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Opinion: The real reason why food bags just don’t work for some households

I thought I was the perfect candidate for a meal kit. I live in a household with three other 30-somethings. We all work full-time. We love food and enjoy cooking. But, we are dreadful at meal planning (we don’t ever seem to know what lies ahead ‘this week’) and if we do pull off a weekly shop, there is always food that ends up in the bin. We eat takeaways more than we would like to (it does help that we own Bird On A Wire) and we certainly don’t have more than, say, an hour, to cook each evening after we’ve lapped up some Auckland traffic and walked the dog. We’re health conscious, environmentally conscientious and keen to learn new things.

But it didn’t work for me — and initially, I couldn’t put my finger on why. I won’t leave you hanging for too long, but first I’m going to throw it back two million years…

According to Richard Wrangham, cooking with fire allowed us to evolve into the species that we are today — both physiologically (the way our bodies have evolved) and sociologically (where did you think all that dinner table conviviality came from?). So, if cooking with fire got us to where we are now, what has cooking become?

I hate to let you down gently, but after a whole lot of research, I’m unable to define cooking in the modern sense. This is because it means so many different things to so many different people. Is it cooking when you heroically tear the vacuum seal off some pre-cooked rice and zap it in the microwave? Or are you only really cooking when you perfect ravioli stuffed with 12-hour lamb, from scratch? Despite my difficulty in finding a definition, the thing that resonated with me the most was something restaurateur and founder of food waste social enterprise Everybody Eats, Nick Loosley, wrote: “in our society, in 2018, cooking has largely been surrendered to convenience.”

Perhaps, it’s more relevant to ask not what cooking is, but why we cook? My sister cooks complicated and time-consuming feasts for the people she loves as an expression of that love, my father cooks whole flounder for lunch at the weekends because it relaxes him, my husband cooks many a ‘dish du jour’ because he likes the challenge of creating something from the diversity of what’s in the pantry, my mother cooked osso buco and boeuf bourguignon my whole childhood as a means of gathering and entertaining the village that raised us. What I’ve learned, is that I cook to create, to suit a mood, to satisfy a hankering, to be in the moment.

But it seems unlikely that the masterminds behind My Food Bag were asking themselves why we cook when they were brainstorming the strategy for one of New Zealand’s great business success stories. My guess is that they saw a problem to be solved in the fact that home cooking has been in decline since the beginning of the 20th Century, but evidence still shows that the majority of the time, most of us still eat home cooked food. Said masterminds were more likely asking why don’t we cook?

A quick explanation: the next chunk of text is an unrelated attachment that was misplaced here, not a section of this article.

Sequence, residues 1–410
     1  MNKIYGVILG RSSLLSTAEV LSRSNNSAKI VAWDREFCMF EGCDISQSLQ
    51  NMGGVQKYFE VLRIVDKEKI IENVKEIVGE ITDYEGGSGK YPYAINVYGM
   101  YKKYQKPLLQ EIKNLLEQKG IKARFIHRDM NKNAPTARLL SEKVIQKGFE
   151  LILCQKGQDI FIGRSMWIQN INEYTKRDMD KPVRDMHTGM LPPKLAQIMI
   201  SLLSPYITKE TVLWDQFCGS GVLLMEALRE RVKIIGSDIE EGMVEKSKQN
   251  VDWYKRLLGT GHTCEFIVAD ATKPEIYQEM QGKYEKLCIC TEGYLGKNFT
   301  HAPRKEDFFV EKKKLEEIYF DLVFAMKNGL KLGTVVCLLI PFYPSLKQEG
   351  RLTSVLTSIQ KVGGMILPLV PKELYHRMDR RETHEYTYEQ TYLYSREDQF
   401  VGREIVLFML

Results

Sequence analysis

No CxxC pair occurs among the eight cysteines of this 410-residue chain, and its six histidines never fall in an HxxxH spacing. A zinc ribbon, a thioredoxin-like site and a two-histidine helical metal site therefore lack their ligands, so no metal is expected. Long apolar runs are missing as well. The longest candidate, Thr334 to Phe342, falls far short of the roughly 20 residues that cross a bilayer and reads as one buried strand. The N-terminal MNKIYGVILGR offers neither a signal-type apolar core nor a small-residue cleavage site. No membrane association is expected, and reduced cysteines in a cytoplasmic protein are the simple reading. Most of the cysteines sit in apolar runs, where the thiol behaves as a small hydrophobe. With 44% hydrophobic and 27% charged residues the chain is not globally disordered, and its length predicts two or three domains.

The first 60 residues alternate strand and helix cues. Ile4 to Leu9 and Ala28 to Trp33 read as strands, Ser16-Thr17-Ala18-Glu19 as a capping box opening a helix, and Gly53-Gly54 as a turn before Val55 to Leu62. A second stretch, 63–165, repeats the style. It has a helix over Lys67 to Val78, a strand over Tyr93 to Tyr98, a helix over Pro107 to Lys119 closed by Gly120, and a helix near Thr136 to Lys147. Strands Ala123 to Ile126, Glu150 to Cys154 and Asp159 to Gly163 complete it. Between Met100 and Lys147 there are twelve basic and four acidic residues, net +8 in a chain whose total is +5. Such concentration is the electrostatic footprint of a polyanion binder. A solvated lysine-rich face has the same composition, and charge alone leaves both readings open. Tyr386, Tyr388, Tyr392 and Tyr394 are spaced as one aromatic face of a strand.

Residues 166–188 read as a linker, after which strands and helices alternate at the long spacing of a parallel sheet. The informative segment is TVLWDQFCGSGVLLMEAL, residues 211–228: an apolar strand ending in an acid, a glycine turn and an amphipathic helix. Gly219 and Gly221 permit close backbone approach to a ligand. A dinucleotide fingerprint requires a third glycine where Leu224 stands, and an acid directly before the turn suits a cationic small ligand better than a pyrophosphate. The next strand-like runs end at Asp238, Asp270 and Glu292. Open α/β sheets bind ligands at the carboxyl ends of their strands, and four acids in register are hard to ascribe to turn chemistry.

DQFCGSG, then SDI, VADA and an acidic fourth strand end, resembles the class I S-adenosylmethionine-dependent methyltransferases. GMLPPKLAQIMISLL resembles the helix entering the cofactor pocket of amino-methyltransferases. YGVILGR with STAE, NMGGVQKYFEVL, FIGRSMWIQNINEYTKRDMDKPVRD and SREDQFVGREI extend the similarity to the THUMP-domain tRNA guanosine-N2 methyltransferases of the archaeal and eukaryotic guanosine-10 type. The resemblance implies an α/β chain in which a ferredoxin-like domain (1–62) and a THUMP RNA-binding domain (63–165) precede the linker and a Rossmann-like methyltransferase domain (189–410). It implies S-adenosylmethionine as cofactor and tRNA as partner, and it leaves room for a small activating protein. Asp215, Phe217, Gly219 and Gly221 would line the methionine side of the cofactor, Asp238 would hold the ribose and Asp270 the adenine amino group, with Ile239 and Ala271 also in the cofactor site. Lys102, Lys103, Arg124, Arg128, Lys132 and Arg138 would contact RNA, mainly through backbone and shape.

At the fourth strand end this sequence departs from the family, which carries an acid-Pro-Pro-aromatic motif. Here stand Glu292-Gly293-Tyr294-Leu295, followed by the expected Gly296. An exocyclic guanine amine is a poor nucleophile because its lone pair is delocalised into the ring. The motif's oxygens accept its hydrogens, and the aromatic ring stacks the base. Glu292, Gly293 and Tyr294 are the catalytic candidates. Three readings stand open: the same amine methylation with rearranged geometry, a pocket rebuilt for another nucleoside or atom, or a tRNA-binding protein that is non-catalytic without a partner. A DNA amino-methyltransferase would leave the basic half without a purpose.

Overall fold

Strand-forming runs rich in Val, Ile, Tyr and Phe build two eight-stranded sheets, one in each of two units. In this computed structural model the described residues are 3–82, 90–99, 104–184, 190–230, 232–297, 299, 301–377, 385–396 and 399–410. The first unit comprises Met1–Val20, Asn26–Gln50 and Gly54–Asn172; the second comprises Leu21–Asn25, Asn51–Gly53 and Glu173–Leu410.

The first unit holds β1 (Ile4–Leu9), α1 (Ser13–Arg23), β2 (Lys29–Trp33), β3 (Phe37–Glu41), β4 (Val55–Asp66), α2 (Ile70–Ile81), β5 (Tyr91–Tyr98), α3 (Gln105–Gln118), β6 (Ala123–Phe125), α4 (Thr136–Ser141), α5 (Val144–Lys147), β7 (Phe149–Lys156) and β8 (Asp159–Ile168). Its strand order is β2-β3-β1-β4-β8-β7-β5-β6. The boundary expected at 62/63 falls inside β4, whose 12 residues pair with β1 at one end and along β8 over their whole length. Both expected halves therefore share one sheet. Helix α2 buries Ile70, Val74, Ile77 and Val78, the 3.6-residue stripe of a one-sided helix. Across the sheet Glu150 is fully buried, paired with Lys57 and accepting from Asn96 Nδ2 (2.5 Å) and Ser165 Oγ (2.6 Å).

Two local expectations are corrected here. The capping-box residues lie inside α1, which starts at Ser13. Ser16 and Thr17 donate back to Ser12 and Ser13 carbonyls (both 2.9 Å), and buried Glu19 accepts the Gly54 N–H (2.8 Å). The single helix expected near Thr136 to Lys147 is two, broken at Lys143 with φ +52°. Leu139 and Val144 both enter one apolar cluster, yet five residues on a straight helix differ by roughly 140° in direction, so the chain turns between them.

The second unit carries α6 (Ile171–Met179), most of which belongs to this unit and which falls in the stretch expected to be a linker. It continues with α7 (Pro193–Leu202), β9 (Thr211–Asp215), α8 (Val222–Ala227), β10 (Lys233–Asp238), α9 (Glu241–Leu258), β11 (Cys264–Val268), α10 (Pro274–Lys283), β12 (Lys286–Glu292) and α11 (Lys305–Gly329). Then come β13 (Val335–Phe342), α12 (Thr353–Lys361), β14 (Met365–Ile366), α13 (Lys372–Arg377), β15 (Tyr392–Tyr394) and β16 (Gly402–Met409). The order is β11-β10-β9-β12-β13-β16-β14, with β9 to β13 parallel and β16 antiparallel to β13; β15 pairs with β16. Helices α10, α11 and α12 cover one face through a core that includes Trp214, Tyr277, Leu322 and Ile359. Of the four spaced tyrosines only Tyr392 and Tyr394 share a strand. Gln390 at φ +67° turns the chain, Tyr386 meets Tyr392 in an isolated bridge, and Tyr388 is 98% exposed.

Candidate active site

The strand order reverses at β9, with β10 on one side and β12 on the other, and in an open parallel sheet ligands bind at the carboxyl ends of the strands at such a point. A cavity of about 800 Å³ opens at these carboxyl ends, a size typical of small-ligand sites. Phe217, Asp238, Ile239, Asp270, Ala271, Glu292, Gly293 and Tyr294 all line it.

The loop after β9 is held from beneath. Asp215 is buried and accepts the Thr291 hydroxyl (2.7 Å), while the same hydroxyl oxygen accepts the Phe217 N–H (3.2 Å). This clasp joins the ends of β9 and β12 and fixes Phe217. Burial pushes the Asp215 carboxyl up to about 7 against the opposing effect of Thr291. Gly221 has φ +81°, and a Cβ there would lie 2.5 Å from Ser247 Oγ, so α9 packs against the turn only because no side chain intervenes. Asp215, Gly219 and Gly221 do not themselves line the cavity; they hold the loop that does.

I asked Facebook why we don’t cook and the response was predictable. Kids don’t like adult food which takes the fun out of dinner, people with demanding jobs don’t have time, fitspo people would rather use that time to exercise, some of us don’t know how to cook, plenty of us are sick of cooking, people that live alone don’t want to cook for just themselves and many parents consider cooking a chore.

When we don’t cook (or plan our meals or shop for them), we tend to eat less nutritious food, more processed food, and larger portions. So unsurprisingly, we are also, as a race, getting more and more overweight. As food writer Michael Pollan put it, “there eventually came a moment when, propelled by the logic of human desire and technological progress, we began to over process certain foods in such a way as to actually render them detrimental to our health and wellbeing”.

You only need to consult Snapchat, Facebook, Twitter or Instagram for evidence that our culture is seemingly obsessed with food, but curiously, this doesn’t mean that we’re cooking more or eating better. In fact, at exactly the same time we began to leave the kitchen we started watching more cooking on television and the trend has followed ever since.

So fast forward to the year 2018, and here we are — living in a food-obsessed society that has surrendered to convenient ‘cooking’, but is getting less healthy by the minute. The solution? Meal kits. Convenience cooking for the masses. Win! And my goodness have they won.

No one is going to disagree with me that meal kits have revolutionised the way many New Zealanders eat. They are much better for us than a packet of two minute noodles, they teach (or at the very least maintain) essential cooking skills that allow us the freedom to choose what we eat, they reduce domestic food waste (one of the biggest problems in our broken food system), they are financially predictable, and they introduce us to ingredients we would otherwise not eat and recipes we would otherwise not cook. I take my hat off to them.